Anyone for chess.


About a month back, the boys found my old chess board. They were fascinated by it, and what all the pieces did.

Hubby spent sometime explaining the basic rules of chess, and since then, the boys have happily argued a good game of chess.

Then M came home from school this week saying they were being taught chess at school. He wasn’t too sure why but thought it was something to do with angles!

One day a week at school, the children get what is called golden choose time. It is basically downtime where they can take something in to play with or do. During the week though they can lose some of this time for minor misdemeanours. M is constantly loosing time, as the teacher has to reprimand him for thing he might not always be able to control, such as sitting calmly, and listening. While I do feel it can sometimes be unfair to punish him for these things, it would be equally unfair to punish other children and not him for the same thing. It is a fine line to walk, but at the end of it all, M, and D both have to learn what types of behaviours are and are not acceptable in society.

Anyway, M has rightfully been very proud of the fact that since the October holiday he has lost no time. It might not seem a long time for many, but for him, it is a big deal, and I hope his teacher has realised how long it is since he lost time.

Today, M asked if he could take the chess board to school for his golden time. I was happy he wanted to share his knowledge of the game with his class. I was however a little worried that pieces might go missing, as I have had this set since a holiday in Yugoslavia as it was at the time.

M has had several things go missing recently from school, so it was a major concern.  His missing thing though have been turning up at later times – he had a coat missing for 2 weeks, and then it turned up on his peg the day another coat went missing, which reappeared hanging up a week later, his lunch bag went missing and he had to have a sandwich from the school canteen – £2 for a sandwich that he only ate the ham out of had to be paid – it turned up later that day hanging on his coat peg. Now, the less suspicious of us would say M is being careless with his things, but the fact I searched the cloakroom and dug into the lost property box – not a pleasant job, I knew these things were nowhere to be found. The fact that they reappear hanging on his peg also seems a little strange. I have no evidence to say he his being tormented or wound up on purpose, so I can not take it to the school to look into, but to me it certainly seems a little unusual.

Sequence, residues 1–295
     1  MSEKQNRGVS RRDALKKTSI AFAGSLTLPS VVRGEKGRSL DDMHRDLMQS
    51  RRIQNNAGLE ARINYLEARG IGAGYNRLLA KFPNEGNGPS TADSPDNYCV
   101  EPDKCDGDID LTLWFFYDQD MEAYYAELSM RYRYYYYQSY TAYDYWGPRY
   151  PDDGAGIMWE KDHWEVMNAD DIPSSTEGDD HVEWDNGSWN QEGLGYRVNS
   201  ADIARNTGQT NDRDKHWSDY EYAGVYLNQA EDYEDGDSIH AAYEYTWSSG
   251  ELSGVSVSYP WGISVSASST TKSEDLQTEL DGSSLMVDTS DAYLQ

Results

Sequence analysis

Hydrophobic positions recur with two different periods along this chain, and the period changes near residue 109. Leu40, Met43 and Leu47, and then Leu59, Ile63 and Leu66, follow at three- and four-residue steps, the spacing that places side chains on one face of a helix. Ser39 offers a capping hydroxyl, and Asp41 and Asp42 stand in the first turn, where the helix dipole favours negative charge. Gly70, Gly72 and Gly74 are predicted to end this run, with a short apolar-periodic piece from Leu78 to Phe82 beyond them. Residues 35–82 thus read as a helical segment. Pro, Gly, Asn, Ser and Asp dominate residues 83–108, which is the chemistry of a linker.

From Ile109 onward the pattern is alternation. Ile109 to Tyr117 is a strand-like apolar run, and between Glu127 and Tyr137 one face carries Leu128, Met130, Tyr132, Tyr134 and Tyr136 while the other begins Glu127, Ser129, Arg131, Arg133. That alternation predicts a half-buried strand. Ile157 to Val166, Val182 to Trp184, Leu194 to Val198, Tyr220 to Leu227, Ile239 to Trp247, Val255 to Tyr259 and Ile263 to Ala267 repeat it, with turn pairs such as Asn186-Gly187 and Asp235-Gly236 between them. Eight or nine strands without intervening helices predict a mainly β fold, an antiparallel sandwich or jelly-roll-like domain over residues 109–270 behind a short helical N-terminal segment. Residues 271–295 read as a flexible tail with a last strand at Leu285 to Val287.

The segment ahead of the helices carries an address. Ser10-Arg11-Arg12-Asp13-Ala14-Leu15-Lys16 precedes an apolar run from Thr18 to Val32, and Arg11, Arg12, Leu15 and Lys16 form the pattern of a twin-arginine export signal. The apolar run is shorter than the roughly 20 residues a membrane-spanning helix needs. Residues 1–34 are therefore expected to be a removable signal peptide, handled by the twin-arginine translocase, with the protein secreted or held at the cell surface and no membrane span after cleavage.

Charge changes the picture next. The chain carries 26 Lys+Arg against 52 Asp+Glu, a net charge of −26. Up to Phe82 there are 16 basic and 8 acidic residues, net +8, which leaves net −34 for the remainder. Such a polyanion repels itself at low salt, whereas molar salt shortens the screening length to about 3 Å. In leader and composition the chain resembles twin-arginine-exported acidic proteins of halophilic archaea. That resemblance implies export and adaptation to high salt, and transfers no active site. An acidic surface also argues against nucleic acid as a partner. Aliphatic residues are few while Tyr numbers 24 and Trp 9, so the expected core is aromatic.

Anyway, as we were walking up to school this morning, M’s wee girl friend asked what he was taking to play with. She was so excited when he said. It was great to see two 8 years olds getting excited by a logical intelligent game. She told him she would come to his classroom to play him at the appropriate time – she is in the other P4 class. M was happy to know he would have someone to play with.   I also knew she would keep him in line as far as controlling where the piece were.

After school, she came running over to me saying they had played chess all golden choose time. M said she had won twice, but next time he would try really hard to beat her!    He also proudly announced he had checked and all the pieces were back in the box – Hubby did double-check this when we got home, and sure enough they are all accounted for.

I think it is great to know that something so old-fashioned  and fairly complicated can engage kids of the era where they love their computer games. It is good to know that thinking is not dead, despite what the media seem to be telling us.     Let us praise the young rather than keep putting them down.


5 responses »

  1. That is so good M has kept all his golden time. I’m sure it’s hard for him to overcome his problems but I think (what I found at my children’s primary school) that other children respect their peers more when they can keep to the rules, even if it is difficult. There can be resentment when they feel someone is being treated differently. In the long run, it will be better for M. In the short term, he must feel as if he has achieved something major.

    I used to run a chess club at the primary school and it was a game very highly suited to those on the ASD spectrum. It’s a good skill to have!

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